- Install screens between desks. Screens made from materials like perspex would be best, as they allow light through, and are easy to clean.
- Choose online over face-to-face meetings. Rather than gathering at tables or in meeting rooms, make use of online software like Zoom, Slack, or Teams to hold meetings via webcam, even if you’re in the same office. Encourage staff to use internal messaging rather than visiting one another’s desks.
In other industries, for example hospitality and construction, employees should observe the correct social distancing guidelines, ensure they are wearing adequate PPE, have been correctly trained on new health & safety guidelines, and observe all hand-washing instructions. The government has provided sector-specific return-to-work advice on the Gov.uk website.
Q7: What happens if an employee tests positive after their return to work? Do we need to tell other employees and ask them to self-isolate as a precaution?
This won’t necessarily result in closing the business, but you should contact your local (for example, Public Health England) protection team to let them know that one of your staff has tested positive for COVID-19. They will then carry out a risk assessment, discuss with you the individuals who might have been exposed, and offer further advice on the steps you should take. This will include any cleaning advice.
Q8: Thinking about data protection, can we keep records of staff who have tested positive/have COVID symptoms?
Absolutely. So long as these records are held securely, employers should keep a log of any staff who have exhibited symptoms or tested positive for COVID-19, and use this information to help stop the spread within the business.
Your staff should also be encouraged to inform you at the first possible instance if they suspect that they have coronavirus or have been in contact with someone who has — and definitely shouldn’t come into work.
Other HR issues: Furlough, refusing to return to work & more
Q9: We need a phased return at our workplace. How do we determine who stays furloughed, and who comes back to work?
Start by identifying those whose physical presence would be most beneficial to the business. If there are staff whose work has been made difficult by working remotely, they should be among the first to return to the workplace.
Avoid the temptation to bring back all of your senior staff or managers back at once, however. You might think that starting from the top and working down is the most logical approach, but this could well result in your entire management team falling ill at once. Instead, consider a good mix of roles to meet the needs of the business, taking into consideration the distance your staff will have to travel, since those who rely on public transport to get to work will inevitably be more at risk than others.
Finally, remember that some of your team simply won’t be in a position to return to the workplace anytime soon. Some may have preexisting conditions that make them especially vulnerable, while others will be shielding vulnerable members of their household. In such cases, they should be asked to work from home where possible.
Q10: What if someone refuses to return to work even after risk assessments have been completed and actioned?
Communication is key here. Well in advance of asking your staff to return to work, talk to them — individually on the phone if possible — and explain the steps you’re taking to keep them safe.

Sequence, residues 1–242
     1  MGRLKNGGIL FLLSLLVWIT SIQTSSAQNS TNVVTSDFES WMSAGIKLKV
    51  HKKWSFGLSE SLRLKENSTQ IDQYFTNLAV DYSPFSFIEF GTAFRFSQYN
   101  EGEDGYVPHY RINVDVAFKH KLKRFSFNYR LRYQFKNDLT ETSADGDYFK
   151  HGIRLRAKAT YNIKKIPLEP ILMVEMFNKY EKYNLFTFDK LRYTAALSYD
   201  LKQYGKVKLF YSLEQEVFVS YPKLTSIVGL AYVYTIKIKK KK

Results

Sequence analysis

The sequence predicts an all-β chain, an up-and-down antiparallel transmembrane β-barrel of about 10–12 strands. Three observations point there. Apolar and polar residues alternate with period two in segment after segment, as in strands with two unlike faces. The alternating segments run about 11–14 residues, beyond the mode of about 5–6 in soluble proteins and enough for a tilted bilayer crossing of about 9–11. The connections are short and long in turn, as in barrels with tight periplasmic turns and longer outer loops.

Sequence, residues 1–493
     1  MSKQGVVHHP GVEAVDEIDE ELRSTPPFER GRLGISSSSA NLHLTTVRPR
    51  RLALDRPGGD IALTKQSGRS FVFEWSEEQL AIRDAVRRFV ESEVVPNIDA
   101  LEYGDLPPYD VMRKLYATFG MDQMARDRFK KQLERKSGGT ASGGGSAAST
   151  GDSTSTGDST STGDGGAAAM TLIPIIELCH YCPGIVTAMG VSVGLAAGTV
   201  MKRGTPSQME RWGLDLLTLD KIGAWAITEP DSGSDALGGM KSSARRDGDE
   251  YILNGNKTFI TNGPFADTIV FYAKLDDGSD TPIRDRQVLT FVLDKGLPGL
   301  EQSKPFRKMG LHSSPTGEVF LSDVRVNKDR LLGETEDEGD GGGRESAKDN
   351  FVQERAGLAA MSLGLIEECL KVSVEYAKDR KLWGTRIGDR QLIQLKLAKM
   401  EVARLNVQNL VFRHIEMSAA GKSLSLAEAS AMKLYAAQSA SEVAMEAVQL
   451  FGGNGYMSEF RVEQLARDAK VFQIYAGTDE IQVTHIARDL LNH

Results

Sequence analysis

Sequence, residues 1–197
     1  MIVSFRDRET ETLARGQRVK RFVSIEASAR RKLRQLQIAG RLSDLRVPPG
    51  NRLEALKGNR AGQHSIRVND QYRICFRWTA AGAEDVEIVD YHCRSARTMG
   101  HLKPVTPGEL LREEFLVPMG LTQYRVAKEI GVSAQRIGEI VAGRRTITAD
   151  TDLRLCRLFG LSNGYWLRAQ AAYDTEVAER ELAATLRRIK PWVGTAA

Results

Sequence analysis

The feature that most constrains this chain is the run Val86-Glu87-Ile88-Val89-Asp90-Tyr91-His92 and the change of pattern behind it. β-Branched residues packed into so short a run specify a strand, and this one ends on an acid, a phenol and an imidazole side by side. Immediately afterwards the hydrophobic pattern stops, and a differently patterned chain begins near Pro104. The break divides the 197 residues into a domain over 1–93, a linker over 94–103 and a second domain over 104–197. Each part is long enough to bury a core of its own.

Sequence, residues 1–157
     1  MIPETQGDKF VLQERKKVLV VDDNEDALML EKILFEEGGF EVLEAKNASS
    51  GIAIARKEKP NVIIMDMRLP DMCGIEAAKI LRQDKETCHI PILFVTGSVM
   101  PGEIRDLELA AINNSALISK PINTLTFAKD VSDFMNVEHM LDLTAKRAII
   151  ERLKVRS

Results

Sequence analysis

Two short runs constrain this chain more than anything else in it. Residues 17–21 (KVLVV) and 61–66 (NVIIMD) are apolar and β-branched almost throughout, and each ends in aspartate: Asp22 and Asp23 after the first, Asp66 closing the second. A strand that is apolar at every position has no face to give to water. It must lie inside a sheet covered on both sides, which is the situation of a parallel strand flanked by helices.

If after doing this, an employee remains reluctant to come back to work, then you may need to consider taking disciplinary action as per your employee handbook. Before doing so, however, be absolutely sure to investigate their individual circumstances and ascertain whether there’s some other underlying reason — for example, a vulnerable family member — why they might be nervous about returning to work.
Q11: We want staff to come back into the workplace, but they can do most of their job roles working from home? Can we require staff to return to the office?
If an employee is worried about catching the virus and so refuses to attend work, the first thing I’d suggest is listening to the employee’s concerns and offering reassurance. An employer's response to this will depend on the actual risk of catching the virus, and will be different for every employer depending on specific circumstances, including whether anyone in the business has already been diagnosed or if there is another real risk of exposure.
Responses will depend on individual employees, too — some may live with people who are shielding or vulnerable, some may have anxiety around COVID-19 and returning to work, and others may simply prefer to work from home.
Employers may also decide to offer a period of paid annual leave or unpaid leave, or allow the employee to work from home for some or all of the time where this is feasible. Technically speaking, however, you can require staff to return to the office.
Q12: Many of our staff still have lots of annual leave to take, and not much time left to take it in. Can we require staff to carry it over?
There are a few ways to approach this. First, recent changes to regulations state that up to four weeks of unused leave can now be carried over for up to two years where it’s not practical to take the holiday as a result of coronavirus. Therefore, you might want to let staff know that some of their unused holiday can be carried over, with no need to cram it all in during the rest of the leave year.
This amount of carry-over can be difficult for small businesses to manage, so you may instead encourage staff to book their remaining leave as soon as possible, putting rules in place to ensure that you have always have the required staff in each role working at any one time.
If necessary, you can also require furloughed staff to take annual leave while furloughed. Holiday is still accrued during furlough at its usual rate, and can be taken during it. Some employers are allocating one or two leave dates per month during furlough. This must be paid at 100% of an employee’s usual pay, but 80% is covered by the furlough scheme.
Returning to work post-lockdown won’t be easy, and for many there will be no such thing as ‘normal’ for a long time to come. But with a little bit of planning, and a lot of communication, it will soon be possible for many businesses across multiple industries to reopen — whether full-time or on reduced hours — while still keeping their employees safe.